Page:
FOR RELEASE Contact: Dennis Watson
July 3,1997 (202) 565-1596
No. 97-51 TDD: (202) 565-1695
SURFACE TRANSPORTATION BOARD COMMENTS ON
DOT DRAFT CARGO LIABILITY STUDY
Surface Transportation Board (Board) Chairman Linda J. Morgan announced today that the Board has submitted comments on the draft cargo liability study published by the Department of Transportation (DOT)in May 1997. The study is being conducted pursuant to the statutory provisions at 49 U.S.C. 14706(g), enacted as part of the ICC Termination Act of 1995, which direct DOT to study and make recommendations on the liability of motor carriers for loss and damage to freight.
In its comments, the Board addressed, among other issues, shipper concerns that they do not always have notice of the extent to which their liability might be limited. The
Board noted that it had addressed a similar notice issue with respect to household goods tariffs, which are published by carriers but not filed at the Board. To ensure that household goods shippers would be made aware of their liabilities and other responsibilities during a move performed under a tariff, the Board issued regulations at 49 CFR 1310.4, requiring that shippers be explicitly informed whenever a bill of lading incorporates a tariff that includes terms related to claims and liability. See Household Goods Tariffs, STB Ex Parte No. 555 (62 FR 5171, Feb. 4, 1997). The Board suggested that DOT might consider a similar approach to ensure adequate notice of motor carrier liability provisions in general.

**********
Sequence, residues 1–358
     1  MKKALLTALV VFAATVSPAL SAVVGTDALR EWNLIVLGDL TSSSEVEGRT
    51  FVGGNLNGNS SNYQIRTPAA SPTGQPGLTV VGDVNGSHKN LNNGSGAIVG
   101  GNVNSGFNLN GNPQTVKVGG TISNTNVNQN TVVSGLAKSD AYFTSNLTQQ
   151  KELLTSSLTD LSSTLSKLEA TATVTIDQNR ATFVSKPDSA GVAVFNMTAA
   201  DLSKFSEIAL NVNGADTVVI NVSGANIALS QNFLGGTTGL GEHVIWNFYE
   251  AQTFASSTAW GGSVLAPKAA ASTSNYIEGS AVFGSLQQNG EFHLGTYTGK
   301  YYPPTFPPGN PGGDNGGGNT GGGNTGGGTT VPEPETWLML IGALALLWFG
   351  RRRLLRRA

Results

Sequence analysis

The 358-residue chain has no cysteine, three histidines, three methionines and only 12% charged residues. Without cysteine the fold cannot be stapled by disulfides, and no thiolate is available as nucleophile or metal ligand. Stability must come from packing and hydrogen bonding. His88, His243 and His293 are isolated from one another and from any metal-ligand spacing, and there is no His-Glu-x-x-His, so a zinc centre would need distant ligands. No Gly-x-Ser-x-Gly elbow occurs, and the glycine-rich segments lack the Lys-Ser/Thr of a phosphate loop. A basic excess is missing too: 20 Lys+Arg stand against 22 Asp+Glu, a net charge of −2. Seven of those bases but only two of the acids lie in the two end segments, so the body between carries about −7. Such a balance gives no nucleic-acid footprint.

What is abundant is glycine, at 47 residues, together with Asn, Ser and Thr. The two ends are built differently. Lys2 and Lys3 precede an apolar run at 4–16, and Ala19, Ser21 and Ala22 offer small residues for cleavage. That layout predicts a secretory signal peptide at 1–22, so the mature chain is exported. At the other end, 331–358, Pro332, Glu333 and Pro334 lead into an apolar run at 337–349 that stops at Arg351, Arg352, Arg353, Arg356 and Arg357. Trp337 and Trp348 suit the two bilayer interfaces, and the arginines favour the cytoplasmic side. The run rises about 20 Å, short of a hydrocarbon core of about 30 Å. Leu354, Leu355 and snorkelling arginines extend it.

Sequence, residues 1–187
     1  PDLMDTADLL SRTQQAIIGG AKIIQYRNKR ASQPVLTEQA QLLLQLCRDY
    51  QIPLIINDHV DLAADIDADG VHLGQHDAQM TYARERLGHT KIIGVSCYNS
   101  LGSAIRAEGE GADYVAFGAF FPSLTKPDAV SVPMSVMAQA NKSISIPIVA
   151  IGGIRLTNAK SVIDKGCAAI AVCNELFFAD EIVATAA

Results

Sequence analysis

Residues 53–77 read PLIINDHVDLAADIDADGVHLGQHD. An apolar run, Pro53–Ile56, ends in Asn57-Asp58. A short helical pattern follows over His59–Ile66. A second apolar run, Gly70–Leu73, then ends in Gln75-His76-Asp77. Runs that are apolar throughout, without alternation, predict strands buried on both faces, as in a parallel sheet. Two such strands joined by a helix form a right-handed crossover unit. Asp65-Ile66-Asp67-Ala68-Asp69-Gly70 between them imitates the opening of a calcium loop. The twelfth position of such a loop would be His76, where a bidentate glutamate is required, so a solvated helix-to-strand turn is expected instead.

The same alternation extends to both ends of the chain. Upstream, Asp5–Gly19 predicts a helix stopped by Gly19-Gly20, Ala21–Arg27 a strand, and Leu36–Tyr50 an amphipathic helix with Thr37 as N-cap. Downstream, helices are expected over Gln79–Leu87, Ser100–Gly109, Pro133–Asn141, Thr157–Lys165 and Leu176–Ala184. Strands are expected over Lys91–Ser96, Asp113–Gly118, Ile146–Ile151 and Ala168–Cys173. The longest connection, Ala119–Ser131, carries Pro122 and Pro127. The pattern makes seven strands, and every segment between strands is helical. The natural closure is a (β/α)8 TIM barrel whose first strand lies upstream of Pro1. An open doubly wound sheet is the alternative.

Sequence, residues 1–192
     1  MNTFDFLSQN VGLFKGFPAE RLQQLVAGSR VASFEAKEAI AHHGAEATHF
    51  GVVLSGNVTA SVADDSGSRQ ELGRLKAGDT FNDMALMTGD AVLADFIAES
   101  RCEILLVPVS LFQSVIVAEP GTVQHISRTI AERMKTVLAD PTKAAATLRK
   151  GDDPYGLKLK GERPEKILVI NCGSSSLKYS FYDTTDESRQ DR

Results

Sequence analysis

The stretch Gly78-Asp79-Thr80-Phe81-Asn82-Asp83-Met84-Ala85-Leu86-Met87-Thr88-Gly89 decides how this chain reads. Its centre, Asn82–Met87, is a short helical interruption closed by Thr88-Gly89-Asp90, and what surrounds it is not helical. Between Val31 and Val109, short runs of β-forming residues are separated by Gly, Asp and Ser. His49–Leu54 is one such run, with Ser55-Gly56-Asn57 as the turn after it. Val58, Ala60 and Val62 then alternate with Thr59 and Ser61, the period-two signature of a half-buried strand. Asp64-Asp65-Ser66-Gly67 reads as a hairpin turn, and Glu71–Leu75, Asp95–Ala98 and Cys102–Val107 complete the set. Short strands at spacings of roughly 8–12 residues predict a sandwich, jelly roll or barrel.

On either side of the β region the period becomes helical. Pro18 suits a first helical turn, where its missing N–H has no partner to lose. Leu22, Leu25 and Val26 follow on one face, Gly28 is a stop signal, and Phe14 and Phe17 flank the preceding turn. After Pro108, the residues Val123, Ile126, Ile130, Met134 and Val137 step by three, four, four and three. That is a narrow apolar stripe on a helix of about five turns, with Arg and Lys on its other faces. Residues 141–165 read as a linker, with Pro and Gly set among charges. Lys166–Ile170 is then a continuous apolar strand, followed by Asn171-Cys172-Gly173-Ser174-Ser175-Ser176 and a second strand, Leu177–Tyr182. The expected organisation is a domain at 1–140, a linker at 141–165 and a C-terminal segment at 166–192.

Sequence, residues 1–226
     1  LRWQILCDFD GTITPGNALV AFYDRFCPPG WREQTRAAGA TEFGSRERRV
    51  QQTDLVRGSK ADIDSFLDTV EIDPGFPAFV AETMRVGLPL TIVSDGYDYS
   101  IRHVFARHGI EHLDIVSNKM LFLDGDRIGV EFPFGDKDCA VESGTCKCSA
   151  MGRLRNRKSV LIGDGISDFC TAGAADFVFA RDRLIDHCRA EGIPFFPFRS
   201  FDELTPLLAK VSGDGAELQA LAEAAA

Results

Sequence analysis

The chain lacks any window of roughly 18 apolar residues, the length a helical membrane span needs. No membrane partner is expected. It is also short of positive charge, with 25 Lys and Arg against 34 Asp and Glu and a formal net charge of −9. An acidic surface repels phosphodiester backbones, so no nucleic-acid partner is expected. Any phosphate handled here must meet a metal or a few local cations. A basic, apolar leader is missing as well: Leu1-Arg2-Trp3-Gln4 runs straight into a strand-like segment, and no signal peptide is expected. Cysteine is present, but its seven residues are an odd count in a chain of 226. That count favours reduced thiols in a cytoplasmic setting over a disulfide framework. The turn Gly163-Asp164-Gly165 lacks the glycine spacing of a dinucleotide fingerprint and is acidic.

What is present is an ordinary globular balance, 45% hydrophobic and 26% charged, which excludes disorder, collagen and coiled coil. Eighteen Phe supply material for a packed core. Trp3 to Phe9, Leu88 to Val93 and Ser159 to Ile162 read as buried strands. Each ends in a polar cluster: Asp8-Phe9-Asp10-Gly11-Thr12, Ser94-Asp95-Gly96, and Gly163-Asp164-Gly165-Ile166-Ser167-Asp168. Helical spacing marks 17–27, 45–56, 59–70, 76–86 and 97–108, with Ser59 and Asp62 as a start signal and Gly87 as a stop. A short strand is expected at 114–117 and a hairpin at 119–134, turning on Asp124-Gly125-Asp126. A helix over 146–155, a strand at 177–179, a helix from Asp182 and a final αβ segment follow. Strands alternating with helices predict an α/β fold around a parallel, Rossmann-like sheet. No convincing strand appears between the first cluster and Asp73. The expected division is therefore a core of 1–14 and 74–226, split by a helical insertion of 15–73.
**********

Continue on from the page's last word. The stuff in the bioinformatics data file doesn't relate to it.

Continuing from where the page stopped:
Additionally, the Board asked DOT to clarify in its final report the allocation between the Board and DOT of responsibility over household goods. As the Board noted, it has authority to rule on household goods carriers’ requests to limit their liability; it may assess the applicability and reasonableness of rates for traffic that does not move under the binding estimates provisions of the statute; it has issued regulations requiring household goods carriers to disclose fully the rates in their tariffs; and it may review certain activities of household goods agents that would otherwise be subject to the antitrust laws. DOT, the Board pointed out, has jurisdiction over the binding estimates that must be available to shippers; the registration of household goods agents; the detailed regulations governing household goods carrier operations, including, among other things, minimization of paperwork, performance standards, and shipment weighing flexibility; and the carrier/shipper dispute settlement program established under section 14708.
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